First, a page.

Paradise Alley

(Ink illustration by Buck O’Donnell in 1967; public display, World Museum of Mining, Butte, Montana, USA)

Dozens of establishments in Butte, Montana had stockpiled liquor prior to prohibition. Furthermore, the Anaconda Mining Company (ACM) wanted to keep their miners’ content by providing a wide selection of drinks and entertainment behind the scenes, despite the laws in place. Due to its isolation, laws were usually not strictly enforced in Butte, so many ‘speakeasies’ sprang up throughout the city, offering smuggled beer and whiskey. Some of the bootlegging was even done by women.

Butte, with its lucrative copper mines, served up more alcohol during prohibition than any other city in the country. ACM made sure to keep their miners’ content by providing a wide variety of entertainment in the open and behind the scenes.

 Butte had two cities, one underground and one above. In the tunnels below the hill, miners endured terrible working conditions to keep the copper flowing. When they surfaced, they let loose in the saloons and brothels, and the booze began flowing.

It was a city of opportunities, and this was particularly evident in the widespread vice that had become a common feature of the mining town. The city had a permissive attitude towards the misdeeds of its miners, turning a blind eye to their behavior. If not encouraging, it.

The old Atlantic Bar, which touted itself as the longest bar in the world, was a full block in length and had  fifteen bartenders serving the customers. Claiming that on a busy Saturday night, twelve thousand glasses of beer were sold to the thirsty miners.

 All forms of moral corruption were accepted. The town was famous for its prostitution, saloons, and opium dens, which were used by miners to pass the time between work shifts. Offering an outlet for the men to cope with the stress.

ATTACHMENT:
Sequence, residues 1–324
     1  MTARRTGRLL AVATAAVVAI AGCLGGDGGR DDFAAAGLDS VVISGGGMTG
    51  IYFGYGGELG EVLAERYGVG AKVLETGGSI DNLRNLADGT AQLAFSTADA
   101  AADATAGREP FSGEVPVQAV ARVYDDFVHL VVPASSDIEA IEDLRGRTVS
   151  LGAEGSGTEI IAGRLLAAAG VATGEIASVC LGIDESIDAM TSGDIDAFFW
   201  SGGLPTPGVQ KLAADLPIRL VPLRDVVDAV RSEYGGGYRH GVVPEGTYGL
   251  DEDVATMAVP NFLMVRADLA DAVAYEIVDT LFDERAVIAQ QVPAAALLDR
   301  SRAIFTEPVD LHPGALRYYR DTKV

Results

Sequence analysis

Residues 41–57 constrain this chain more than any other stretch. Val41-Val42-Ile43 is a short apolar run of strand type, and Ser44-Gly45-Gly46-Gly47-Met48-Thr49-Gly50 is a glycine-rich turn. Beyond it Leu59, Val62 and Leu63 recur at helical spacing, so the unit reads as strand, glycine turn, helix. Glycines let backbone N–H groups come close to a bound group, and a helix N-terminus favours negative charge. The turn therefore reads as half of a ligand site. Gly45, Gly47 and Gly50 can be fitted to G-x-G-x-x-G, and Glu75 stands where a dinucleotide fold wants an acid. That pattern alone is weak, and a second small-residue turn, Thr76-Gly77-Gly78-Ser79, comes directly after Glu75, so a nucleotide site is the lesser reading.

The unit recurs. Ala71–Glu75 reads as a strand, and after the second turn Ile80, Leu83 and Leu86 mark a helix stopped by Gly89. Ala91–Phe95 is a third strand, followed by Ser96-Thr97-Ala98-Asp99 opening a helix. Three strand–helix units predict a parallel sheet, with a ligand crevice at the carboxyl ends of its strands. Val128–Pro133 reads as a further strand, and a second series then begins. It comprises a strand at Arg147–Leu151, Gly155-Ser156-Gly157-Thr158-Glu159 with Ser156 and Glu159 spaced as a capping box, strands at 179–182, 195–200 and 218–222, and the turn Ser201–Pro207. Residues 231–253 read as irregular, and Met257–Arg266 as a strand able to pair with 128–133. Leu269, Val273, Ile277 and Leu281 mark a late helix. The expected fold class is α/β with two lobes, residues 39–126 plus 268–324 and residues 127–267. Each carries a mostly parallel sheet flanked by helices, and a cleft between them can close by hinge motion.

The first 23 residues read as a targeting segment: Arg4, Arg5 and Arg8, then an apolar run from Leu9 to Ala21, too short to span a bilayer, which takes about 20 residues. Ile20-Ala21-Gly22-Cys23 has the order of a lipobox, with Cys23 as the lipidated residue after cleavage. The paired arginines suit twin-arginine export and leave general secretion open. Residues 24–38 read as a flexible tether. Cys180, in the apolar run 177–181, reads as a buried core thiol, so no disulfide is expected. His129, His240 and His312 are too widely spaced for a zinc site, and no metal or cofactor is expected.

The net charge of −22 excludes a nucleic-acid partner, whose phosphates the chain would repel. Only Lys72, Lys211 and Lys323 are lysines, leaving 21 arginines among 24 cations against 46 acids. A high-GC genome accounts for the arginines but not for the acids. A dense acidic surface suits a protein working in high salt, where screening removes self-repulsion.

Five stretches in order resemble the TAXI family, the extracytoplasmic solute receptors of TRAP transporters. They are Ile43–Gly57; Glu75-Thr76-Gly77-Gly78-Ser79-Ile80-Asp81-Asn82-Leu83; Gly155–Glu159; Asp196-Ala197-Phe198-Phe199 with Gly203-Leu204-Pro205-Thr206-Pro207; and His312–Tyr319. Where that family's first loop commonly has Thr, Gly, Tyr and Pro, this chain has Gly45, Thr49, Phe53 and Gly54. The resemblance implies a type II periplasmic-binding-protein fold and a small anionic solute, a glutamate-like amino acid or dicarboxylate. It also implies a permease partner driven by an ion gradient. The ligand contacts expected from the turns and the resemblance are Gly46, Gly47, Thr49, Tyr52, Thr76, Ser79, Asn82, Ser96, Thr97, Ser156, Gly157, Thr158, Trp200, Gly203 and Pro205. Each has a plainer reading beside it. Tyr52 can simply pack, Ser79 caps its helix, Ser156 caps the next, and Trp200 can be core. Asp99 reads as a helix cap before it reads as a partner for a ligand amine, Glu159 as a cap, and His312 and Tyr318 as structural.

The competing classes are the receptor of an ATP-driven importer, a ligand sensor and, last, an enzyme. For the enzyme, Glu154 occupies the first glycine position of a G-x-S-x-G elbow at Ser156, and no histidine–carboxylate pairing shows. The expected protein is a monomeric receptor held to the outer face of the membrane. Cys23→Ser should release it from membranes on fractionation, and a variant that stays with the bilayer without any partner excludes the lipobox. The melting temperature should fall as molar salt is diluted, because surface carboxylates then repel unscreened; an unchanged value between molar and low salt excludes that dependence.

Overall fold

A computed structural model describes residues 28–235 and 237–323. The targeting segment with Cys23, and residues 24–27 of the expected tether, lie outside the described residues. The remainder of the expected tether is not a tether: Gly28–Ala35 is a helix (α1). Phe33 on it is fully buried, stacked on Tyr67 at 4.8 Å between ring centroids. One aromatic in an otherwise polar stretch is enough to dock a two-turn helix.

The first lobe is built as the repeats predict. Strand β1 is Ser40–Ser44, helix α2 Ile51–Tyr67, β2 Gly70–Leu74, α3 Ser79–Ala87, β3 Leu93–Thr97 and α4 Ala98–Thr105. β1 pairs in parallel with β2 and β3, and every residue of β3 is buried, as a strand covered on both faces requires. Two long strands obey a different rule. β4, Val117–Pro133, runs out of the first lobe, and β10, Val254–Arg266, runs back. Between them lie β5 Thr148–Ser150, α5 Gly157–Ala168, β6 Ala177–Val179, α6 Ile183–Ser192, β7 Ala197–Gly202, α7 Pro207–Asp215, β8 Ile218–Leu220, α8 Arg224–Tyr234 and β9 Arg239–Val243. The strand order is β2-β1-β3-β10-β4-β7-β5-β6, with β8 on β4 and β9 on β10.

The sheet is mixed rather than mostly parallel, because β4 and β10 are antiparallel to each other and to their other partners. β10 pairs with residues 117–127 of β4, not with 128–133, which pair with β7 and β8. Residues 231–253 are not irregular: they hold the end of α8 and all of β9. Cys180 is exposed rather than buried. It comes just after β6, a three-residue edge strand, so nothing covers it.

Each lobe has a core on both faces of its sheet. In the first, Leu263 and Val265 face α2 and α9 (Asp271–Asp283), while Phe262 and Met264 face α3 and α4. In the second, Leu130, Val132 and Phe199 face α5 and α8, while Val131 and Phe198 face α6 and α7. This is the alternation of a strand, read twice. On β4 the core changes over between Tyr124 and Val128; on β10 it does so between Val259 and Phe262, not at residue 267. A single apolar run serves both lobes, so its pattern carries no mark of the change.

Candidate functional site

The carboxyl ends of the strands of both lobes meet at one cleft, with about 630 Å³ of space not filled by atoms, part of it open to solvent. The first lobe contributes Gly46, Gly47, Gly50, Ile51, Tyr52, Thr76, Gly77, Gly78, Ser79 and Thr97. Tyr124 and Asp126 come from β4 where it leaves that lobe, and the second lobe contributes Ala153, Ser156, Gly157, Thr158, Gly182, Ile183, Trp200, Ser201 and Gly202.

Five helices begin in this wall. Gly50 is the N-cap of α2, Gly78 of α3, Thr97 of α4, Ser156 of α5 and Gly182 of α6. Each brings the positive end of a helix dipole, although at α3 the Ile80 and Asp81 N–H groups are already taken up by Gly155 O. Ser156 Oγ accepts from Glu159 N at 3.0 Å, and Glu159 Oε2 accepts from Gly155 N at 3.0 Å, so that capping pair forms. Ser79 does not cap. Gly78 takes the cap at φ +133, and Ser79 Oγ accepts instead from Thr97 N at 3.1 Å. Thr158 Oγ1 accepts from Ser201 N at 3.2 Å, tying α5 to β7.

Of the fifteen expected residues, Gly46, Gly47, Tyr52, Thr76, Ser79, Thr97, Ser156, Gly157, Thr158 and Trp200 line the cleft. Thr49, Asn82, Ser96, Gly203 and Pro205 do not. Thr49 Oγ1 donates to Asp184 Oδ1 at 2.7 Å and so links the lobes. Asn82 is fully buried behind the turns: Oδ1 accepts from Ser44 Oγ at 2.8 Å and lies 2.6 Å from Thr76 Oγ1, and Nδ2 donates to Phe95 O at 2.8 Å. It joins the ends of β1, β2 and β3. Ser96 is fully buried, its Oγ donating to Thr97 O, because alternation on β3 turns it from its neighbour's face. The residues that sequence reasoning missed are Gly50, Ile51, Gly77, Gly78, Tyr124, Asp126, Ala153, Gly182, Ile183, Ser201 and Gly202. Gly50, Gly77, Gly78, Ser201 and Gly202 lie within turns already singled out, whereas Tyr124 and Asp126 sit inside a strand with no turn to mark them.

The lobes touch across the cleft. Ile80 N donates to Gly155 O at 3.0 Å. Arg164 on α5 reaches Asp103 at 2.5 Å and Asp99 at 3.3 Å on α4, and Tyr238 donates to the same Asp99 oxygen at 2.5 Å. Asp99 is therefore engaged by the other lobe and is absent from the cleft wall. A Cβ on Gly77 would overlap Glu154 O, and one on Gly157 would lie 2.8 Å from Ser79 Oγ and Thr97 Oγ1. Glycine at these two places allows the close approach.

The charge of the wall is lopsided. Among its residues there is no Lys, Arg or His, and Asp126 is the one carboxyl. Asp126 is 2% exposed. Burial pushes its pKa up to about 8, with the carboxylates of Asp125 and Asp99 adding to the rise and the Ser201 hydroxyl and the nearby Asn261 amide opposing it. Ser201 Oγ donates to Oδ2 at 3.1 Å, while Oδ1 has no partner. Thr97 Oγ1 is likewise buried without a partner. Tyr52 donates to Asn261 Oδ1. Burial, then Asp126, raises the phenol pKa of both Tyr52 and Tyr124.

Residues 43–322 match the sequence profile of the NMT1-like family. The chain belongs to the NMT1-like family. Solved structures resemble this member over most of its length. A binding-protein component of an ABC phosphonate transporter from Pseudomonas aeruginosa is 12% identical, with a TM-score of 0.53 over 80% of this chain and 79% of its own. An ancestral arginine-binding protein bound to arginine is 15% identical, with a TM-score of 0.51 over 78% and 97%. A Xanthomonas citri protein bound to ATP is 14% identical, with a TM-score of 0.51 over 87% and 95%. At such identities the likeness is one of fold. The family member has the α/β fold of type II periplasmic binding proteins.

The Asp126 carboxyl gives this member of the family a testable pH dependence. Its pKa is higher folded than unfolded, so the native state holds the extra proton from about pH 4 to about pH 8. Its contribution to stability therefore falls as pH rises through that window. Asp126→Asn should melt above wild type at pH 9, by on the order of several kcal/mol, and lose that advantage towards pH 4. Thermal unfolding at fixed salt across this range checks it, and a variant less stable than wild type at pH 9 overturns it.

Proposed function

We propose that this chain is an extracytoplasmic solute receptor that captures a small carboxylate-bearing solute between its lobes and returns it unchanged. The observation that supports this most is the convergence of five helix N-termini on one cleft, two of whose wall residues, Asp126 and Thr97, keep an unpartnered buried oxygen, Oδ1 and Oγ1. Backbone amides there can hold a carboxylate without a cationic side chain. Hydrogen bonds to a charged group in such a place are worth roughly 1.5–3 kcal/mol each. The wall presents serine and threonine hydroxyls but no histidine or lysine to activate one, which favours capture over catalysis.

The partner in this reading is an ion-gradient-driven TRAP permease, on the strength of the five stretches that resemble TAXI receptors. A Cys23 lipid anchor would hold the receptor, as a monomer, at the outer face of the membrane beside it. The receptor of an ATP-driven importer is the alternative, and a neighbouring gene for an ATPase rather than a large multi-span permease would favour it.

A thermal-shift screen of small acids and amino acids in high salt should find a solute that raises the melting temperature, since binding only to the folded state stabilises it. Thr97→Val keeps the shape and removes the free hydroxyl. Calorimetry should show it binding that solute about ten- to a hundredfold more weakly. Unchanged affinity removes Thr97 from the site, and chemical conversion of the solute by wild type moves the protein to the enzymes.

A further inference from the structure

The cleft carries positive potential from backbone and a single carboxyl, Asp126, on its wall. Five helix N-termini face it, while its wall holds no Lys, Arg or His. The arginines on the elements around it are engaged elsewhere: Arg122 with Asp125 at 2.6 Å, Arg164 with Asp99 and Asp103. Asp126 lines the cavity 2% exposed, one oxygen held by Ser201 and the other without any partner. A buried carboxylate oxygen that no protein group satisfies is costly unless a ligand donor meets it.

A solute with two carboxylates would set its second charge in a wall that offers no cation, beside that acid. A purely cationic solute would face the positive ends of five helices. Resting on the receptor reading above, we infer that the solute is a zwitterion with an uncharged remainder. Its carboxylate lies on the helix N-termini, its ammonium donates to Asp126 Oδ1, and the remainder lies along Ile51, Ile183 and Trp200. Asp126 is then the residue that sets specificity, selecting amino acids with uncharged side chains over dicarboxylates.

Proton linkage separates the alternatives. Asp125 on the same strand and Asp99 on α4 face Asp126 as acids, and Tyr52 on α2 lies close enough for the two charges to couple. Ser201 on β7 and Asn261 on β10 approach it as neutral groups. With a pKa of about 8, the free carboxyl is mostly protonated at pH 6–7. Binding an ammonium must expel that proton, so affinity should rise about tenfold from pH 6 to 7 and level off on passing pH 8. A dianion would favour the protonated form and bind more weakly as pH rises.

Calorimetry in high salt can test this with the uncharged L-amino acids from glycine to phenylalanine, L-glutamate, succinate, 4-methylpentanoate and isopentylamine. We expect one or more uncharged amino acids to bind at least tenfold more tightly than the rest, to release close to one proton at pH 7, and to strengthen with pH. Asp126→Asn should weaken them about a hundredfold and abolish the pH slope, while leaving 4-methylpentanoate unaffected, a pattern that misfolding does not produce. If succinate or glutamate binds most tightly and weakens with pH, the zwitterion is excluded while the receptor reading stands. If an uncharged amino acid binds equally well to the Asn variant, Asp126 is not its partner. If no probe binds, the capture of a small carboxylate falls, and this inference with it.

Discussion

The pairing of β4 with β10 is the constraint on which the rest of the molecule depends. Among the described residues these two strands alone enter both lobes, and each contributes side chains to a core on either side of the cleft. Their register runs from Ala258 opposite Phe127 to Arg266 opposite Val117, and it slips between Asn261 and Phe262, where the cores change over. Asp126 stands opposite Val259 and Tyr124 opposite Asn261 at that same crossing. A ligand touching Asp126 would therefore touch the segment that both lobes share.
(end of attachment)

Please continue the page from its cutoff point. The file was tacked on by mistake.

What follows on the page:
These establishments of moral decay were delegated to a specific part of Butte. These pockets of pleasure were in alleys or found on just a few streets in town. Customers could select a prostitute based on their financial means, and the quality of the woman would vary accordingly. The girls serviced the needs of the miners and there were very few reported cases of violence or sexual assault against the women of Butte.

A popular ballad of the time went, “First came the miners to work in the mine, then came the ladies who lived on the line.”

By 1884, the first street devoted to prostitution was established in a small area near the main street of the town. In 1903, the City Council ordered the relocation of prostitution to the alleyways.

 It was estimated that during the period from 1904 to 1917, as many as a thousand prostitutes worked in this district at any given time, making it one of the largest red-light districts in the United States, second only to San Francisco’s Barbary Coast.

On hectic weekends or payday nights, up to four thousand men could be seen on the “Board Walk,” “Paradise Alley,” or other promenades that made up this area. It was observed that married men were equally likely to visit, with one woman remarking that “if it weren’t for the married men, half us girls would starve to death.” Arthur though sometimes tempted never strayed.Top of Form

Wesley Davis in his book Sketches of Butte, described it as “a street leading into hell. “He saw young men, boys, and old men wandering about, girls in the doors and windows soliciting in honeyed words, and young girls who should have been in school. The street was a melting pot of different races and colors, with every vice imaginable on display.”

By the time of the wave of reform began sweeping across the country, and made its way to Butte, there were fewer than fifty women working in these alleys. And by 1922, the vice was beginning to diminish.

Arthur observed the changes taking place in Butte as reform set in. The saloons that had never closed began to lock their doors and display closed signs in their windows. The women were finding it increasingly difficult to ply their trade and many had already left town. The opium dens, though still in existence, had become the most secretive of all. Hidden behind closed doors in abandoned tunnels.

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